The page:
In June, Trepp, a provider of information and data analytics for the commercial real estate industry, noted that commercial mortgage delinquencies reached 10.32% this summer. That was just shy of the all-time record of 10.34% in July 2012. With retail outlets closed and office spaces emptied because of the COVID-19 pandemic, many businesses are unable to keep up with payments.
Government subsidies helped at first. But as they run out, it’s unclear how long it will take the commercial real estate market to recover. Another wave of COVID-19 cases looms, and many businesses are planning to extend work-from-home through the first half of 2021.
Meanwhile, real estate owners and tenants also need to be aware of the risks associated with civil unrest, such as looting and vandalism.
The Insurance Information Institute (III) estimates that unrest across the U.S. in the aftermath of the death of George Floyd, who died in police custody in Minneapolis in May, exceeded $1 billion, and may be as high as $2 billion. III calls it “the costliest civil disorder in U.S. history.”
In light of recent events, securing the right coverages and taking protective steps can help weather the storms of 2020.
There are a variety of coverages that protect owners and occupants from damage of various kinds, including the effects of civil unrest and riots. For example, typical property coverage reimburses an owner for damages to the property itself, including the costs required to clean up the property and restore it. It is possible to include and insure stock and inventory, as well as tenant improvements. Crime coverage, on the other hand, reimburses a business for financial loss due to burglary and other crimes. And business-interruption coverage – possibly the most useful over the past year — can offer much-needed revenue to keep a business going until it can reopen.
While these coverages are helpful, it’s challenging to protect a business during a pandemic closure. And with protests and civil unrest possibly growing, a closed storefront is likely to be an attractive target to looters and other criminals. It’s also possible that regular coverages won’t kick in, or might be reduced, if a business has been vacant or abandoned.
The core of this issue is the difference between vacant and unoccupied. Legally, vacant means “completely empty.” A vacant space has no one consistently living or working there and it is likely empty of belongings as well. Unoccupied, on the other hand, means the space looks like the owners or occupiers could return at any moment to continue where they left off.
An unoccupied business could be a storefront that is closed, but its security system is running, its lights are on and an employee could have just stepped out to grab lunch. A vacant business may be full of things — office furniture or items for sale, for example — but it is clear that no one is watching over the property.
First and foremost, organizations that could be affected by civil unrest or rioting should keep employees out of harm’s way by reviewing safety and security procedures, crisis management and business-continuity plans with all employees.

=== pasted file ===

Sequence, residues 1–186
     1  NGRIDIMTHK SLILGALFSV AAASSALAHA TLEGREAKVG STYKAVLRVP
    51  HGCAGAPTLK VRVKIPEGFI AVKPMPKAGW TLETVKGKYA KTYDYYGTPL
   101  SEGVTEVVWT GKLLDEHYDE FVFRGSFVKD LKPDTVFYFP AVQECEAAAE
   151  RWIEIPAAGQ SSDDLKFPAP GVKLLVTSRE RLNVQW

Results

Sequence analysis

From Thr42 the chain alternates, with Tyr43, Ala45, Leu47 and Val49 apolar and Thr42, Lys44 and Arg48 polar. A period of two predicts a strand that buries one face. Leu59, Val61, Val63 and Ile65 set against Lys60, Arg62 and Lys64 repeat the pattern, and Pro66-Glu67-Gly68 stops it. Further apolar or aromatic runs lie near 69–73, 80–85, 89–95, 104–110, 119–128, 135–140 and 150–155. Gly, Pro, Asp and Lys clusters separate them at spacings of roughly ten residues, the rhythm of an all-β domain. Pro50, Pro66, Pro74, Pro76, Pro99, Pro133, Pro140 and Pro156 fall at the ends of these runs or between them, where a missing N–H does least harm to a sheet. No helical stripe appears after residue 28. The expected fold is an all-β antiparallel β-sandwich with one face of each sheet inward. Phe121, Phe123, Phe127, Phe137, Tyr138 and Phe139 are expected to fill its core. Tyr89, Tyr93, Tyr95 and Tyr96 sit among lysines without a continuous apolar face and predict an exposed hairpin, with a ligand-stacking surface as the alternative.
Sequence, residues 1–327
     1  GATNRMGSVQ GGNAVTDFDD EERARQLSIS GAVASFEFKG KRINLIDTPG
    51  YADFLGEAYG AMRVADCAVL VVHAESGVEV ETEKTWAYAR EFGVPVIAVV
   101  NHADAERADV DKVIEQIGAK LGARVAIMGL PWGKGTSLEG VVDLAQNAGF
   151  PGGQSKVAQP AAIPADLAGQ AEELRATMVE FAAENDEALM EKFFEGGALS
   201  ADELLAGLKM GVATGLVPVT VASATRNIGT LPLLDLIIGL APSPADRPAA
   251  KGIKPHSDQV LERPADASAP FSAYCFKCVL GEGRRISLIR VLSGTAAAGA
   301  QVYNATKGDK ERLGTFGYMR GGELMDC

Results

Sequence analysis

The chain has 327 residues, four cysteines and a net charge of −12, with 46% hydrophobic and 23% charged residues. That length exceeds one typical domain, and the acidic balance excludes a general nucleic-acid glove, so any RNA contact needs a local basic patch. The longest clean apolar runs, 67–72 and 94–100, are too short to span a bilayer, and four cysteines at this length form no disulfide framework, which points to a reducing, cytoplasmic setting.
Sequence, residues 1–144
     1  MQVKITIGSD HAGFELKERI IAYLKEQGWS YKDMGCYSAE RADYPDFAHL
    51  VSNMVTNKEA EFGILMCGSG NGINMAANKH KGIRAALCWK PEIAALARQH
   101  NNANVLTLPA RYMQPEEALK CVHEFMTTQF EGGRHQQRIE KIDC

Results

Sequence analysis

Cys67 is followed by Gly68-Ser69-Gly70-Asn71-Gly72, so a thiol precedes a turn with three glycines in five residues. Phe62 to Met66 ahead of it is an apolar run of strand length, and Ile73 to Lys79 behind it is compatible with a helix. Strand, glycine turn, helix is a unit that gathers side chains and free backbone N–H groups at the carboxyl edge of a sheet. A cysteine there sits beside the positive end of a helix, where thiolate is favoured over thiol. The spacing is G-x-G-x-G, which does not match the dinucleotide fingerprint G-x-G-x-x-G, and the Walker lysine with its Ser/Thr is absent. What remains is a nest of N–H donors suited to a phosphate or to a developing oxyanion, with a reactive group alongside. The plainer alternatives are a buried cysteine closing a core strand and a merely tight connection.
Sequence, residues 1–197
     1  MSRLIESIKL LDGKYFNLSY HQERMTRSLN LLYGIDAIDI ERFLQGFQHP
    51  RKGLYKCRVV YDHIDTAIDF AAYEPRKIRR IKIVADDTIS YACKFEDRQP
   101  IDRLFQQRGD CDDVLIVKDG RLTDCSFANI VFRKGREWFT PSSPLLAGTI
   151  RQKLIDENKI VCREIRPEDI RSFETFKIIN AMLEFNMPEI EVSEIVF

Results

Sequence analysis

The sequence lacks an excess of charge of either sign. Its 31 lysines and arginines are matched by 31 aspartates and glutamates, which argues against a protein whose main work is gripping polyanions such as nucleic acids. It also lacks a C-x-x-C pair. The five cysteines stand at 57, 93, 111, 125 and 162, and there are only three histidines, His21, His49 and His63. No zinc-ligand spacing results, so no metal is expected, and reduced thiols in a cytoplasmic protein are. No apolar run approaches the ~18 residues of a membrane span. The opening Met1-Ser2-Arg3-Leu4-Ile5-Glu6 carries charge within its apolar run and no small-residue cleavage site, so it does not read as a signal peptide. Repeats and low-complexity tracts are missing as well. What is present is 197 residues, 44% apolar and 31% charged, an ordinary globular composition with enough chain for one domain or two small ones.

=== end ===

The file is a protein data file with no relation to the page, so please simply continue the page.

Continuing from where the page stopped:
Among other tasks, remove all perishables and valuables from inside the building and secure doors and windows. If looters want to get in, they will.
To date, most carriers are being lenient on claims due to looting and vandalism, so they are not likely to drop coverage because of a claim. On the other hand, due to the overall increase in claims during 2020, the insurance market is hardening, meaning premium increases at renewal. All businesses and property owners can expect 10%-15% premium increases moving forward. These will be much higher for high-risk businesses with recent claims.
Building owners and occupiers must take proactive steps to protect their buildings and businesses during any kind of closure. And when it comes to filing a claim, consider these tips:
Time is of the essence. Do not wait to file the claim, even if another claim was filed recently.
Document it. Collect video footage, photos and any other documentation of the damage. Share it with the broker, claims consultant and adjuster.
Maintain records. Create a detailed inventory of what was taken and its financial value. Note any clean-up and board-up charges. Take account of what is left as well.
Clean up and board up. Clean up as well as possible and board up the storefront to protect what’s left. (This is required by policy conditions.)
Stay in constant contact. Even after the claim has been filed, maintain constant contact with the broker, claims consultant and adjuster. As questions surface for the adjuster, or the claim needs to be updated, being in touch will further facilitate the claims process — and may even result in a faster resolution. Remember, the broker works for the client, and the adjuster works for the insurance company.
The coronavirus pandemic has been unparalleled in its reach. With widespread shelter-in-place orders — and even lockdown in some places — a complete lifestyle shift has occurred. What’s more, uncertainty in the world has led to greater civil unrest than the U.S. has seen in years.
Commercial real estate owners and occupiers can’t afford to sit by the sidelines, hoping to avoid the worst of the looting and vandalism. Future riots could cause even more damage — and taking proactive steps now will go a long way toward protecting not just the property, but the business.
James “Chip” Stuart is the North American real estate practice leader for HUB International. David Chmiel is HUB’s senior vice president and the national director of claims.